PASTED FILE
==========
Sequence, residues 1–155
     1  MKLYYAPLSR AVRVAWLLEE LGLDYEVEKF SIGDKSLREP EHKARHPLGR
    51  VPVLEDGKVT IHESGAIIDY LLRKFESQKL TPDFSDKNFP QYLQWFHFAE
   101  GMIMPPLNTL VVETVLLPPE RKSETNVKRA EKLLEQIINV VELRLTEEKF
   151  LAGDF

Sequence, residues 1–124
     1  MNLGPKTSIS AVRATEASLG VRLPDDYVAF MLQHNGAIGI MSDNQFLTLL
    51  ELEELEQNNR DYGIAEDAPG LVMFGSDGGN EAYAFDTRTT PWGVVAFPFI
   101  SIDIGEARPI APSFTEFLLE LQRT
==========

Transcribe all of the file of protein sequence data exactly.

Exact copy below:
Sequence, residues 1–155
     1  MKLYYAPLSR AVRVAWLLEE LGLDYEVEKF SIGDKSLREP EHKARHPLGR
    51  VPVLEDGKVT IHESGAIIDY LLRKFESQKL TPDFSDKNFP QYLQWFHFAE
   101  GMIMPPLNTL VVETVLLPPE RKSETNVKRA EKLLEQIINV VELRLTEEKF
   151  LAGDF

Sequence, residues 1–124
     1  MNLGPKTSIS AVRATEASLG VRLPDDYVAF MLQHNGAIGI MSDNQFLTLL
    51  ELEELEQNNR DYGIAEDAPG LVMFGSDGGN EAYAFDTRTT PWGVVAFPFI
   101  SIDIGEARPI APSFTEFLLE LQRT